Sarah's Take: Uribe's presence will be missed
Removing veteran from clubhouse via trade may mess with Dodgers' chemistry
Following Major League Baseball for 38 years, I understand too well that baseball is a business. People can't get attached to a certain player, since he could be traded from their favorite team.
Last Wednesday, the Los Angeles Dodgers traded Juan Uribe -- along with Chris Withrow -- to the Atlanta Braves for utility man Alberto Callaspo, left-handed pitcher Eric Stults, left-handed pitcher Ian Thomas and right-handed pitcher Juan Jaime. Only Callaspo is with the Dodgers. Although rebuilding the Minor League system is important for every team, I believe this trade is a mistake for the Dodgers.
Trading a popular player in the clubhouse is risky at any time during the season, and I feel both president of baseball operations Andrew Freidman and general manager Farhan Zaidi didn't consider the clubhouse chemistry before making this trade. Altering the Dodgers' chemistry at this time for nonimpact players wasn't wise, and it may destroy the Dodgers' chances of going to the playoffs.
The Dodgers feel Callaspo will be a better bench player than Uribe. Whereas Uribe is a free swinger prone to strikeouts, Callaspo has been one of the hardest Major Leaguer to strike out for several years. The Dodgers perceive Uribe was only able to play third base, and Callaspo can play anywhere on the diamond, except catcher and pitcher.
At first, Callaspo, 32, didn't want to come to the Dodgers after signing with the Braves last offseason, but something changed his mind. Maybe being reunited with Zaidi was a factor. Before 2015, Callaspo has played almost exclusively in the American League, including a year and a couple of months with the Oakland A's. Some players who change leagues have difficulty performing at the same level as they are used to in the first year in the new league. I don't think Callaspo will be an exception.
Uribe, 36, would be a free agent after this season, and most people knew the Dodgers probably wouldn't re-sign him because of his age. He was a team leader who was never in a bad mood. His bright smile lessened the stress on other team members. Watching Yasiel Puig and Hyun-Jin Ryu tease the older Uribe made watching Dodgers games more enjoyable. Major League Baseball is a serious big-money business, and yet if players don't remember it's a fun game, they don't do well. Uribe -- nicknamed "Papi" -- helped the Dodgers remember baseball is a fun game.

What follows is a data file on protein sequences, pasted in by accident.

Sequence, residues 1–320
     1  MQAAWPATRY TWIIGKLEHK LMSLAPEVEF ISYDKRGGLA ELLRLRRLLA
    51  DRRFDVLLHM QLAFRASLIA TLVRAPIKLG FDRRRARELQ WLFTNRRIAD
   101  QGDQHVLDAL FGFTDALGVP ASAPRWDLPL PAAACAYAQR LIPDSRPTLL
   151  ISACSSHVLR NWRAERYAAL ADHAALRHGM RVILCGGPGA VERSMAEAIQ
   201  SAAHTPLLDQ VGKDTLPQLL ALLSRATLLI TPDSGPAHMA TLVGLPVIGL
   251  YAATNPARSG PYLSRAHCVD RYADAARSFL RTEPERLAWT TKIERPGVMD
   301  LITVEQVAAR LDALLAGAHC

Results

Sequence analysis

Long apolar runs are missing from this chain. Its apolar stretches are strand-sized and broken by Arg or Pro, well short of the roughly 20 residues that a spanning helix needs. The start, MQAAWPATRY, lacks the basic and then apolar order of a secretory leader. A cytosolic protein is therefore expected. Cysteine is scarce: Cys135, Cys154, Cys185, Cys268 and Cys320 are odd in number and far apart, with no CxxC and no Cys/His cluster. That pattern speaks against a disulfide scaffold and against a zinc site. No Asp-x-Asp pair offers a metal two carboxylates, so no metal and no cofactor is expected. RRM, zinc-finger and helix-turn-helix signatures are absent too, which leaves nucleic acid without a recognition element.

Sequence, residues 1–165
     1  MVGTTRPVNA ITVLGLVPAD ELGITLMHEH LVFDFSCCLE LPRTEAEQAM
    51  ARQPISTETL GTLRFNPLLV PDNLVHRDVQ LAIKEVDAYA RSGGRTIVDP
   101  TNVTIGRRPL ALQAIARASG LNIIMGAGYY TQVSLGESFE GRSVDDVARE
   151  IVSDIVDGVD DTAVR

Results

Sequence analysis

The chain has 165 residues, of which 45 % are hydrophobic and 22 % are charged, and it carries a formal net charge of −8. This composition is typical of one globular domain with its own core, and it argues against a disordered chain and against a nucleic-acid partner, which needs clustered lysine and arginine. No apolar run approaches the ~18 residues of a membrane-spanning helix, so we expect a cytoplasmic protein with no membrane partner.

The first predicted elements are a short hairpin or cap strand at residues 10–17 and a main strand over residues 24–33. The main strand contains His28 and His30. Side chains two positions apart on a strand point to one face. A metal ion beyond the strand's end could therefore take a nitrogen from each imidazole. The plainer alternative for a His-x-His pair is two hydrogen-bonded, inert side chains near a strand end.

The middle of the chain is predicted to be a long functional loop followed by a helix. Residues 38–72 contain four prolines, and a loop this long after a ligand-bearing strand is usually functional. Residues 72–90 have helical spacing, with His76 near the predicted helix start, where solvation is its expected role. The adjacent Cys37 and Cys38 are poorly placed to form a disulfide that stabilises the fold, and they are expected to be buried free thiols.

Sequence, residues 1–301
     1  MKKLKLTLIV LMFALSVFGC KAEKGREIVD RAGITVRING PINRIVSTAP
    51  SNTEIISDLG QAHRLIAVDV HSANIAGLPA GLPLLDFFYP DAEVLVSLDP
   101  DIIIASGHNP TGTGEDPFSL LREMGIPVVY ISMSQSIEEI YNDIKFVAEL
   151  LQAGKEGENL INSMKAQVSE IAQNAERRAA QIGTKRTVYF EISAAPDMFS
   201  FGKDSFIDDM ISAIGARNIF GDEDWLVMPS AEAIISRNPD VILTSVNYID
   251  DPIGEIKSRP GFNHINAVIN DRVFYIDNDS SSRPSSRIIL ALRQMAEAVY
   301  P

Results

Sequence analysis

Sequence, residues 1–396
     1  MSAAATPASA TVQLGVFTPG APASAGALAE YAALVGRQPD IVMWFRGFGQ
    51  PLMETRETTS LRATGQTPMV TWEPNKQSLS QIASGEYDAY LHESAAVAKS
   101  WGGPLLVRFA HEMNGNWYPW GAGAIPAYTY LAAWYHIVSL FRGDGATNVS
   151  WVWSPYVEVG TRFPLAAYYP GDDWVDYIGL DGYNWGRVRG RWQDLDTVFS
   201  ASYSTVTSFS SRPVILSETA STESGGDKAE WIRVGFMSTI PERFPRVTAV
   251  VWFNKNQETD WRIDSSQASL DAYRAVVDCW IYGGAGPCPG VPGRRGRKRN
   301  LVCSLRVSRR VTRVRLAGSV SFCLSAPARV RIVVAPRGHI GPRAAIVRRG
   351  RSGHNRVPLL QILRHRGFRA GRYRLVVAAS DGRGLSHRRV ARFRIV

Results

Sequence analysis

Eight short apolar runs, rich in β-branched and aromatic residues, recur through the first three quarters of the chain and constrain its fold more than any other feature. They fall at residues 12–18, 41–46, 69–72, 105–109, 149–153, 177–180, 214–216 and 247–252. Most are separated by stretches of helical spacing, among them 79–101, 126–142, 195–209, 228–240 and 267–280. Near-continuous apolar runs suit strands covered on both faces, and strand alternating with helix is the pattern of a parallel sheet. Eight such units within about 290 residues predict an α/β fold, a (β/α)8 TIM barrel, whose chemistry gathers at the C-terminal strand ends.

Coming off his best batting average, Uribe had a slow offensive beginning to this season. This caused him to lose playing time to both Justin Turner and Alex Guerrero. Neither can make the defensive plays that will help the injury-plagued pitching staff that Uribe can. Mired in an offensive slump, the Dodgers need to be more concerned about preventing runs than having a player who might be able to hit the ball out of the stadium once in a while.
Although Withrow hasn't thrown a ball in a competitive game this season as he recovers from Tommy John surgery performed last June, he could have been an important piece of the Dodgers' injury-riddled bullpen. At 26, Withrow is a flamethrower, and nowadays Tommy John surgery usually doesn't diminish velocity. Unlike most Dodgers relievers, he had experience in a divisional race and the postseason. The Braves believe he may be the key to this trade.
On Sunday, the Dodgers put Paco Rodriguez with a strained elbow on the 15-day disabled list. They hope they caught his elbow injury early enough to avoid Tommy John surgery, but they're sending him back to Los Angeles for an MRI. The Dodgers have two other left-handed relievers in the bullpen, so they shouldn't be hurt without Rodriguez.
However, any time a team loses a reliever, it's difficult. In June, the team has only one day off with much travel. This schedule could be taxing on any bullpen.
The Dodgers have won only one game since the trade. Coincidence? I think not. It will be interesting to see how the Dodgers respond to losing a clubhouse leader.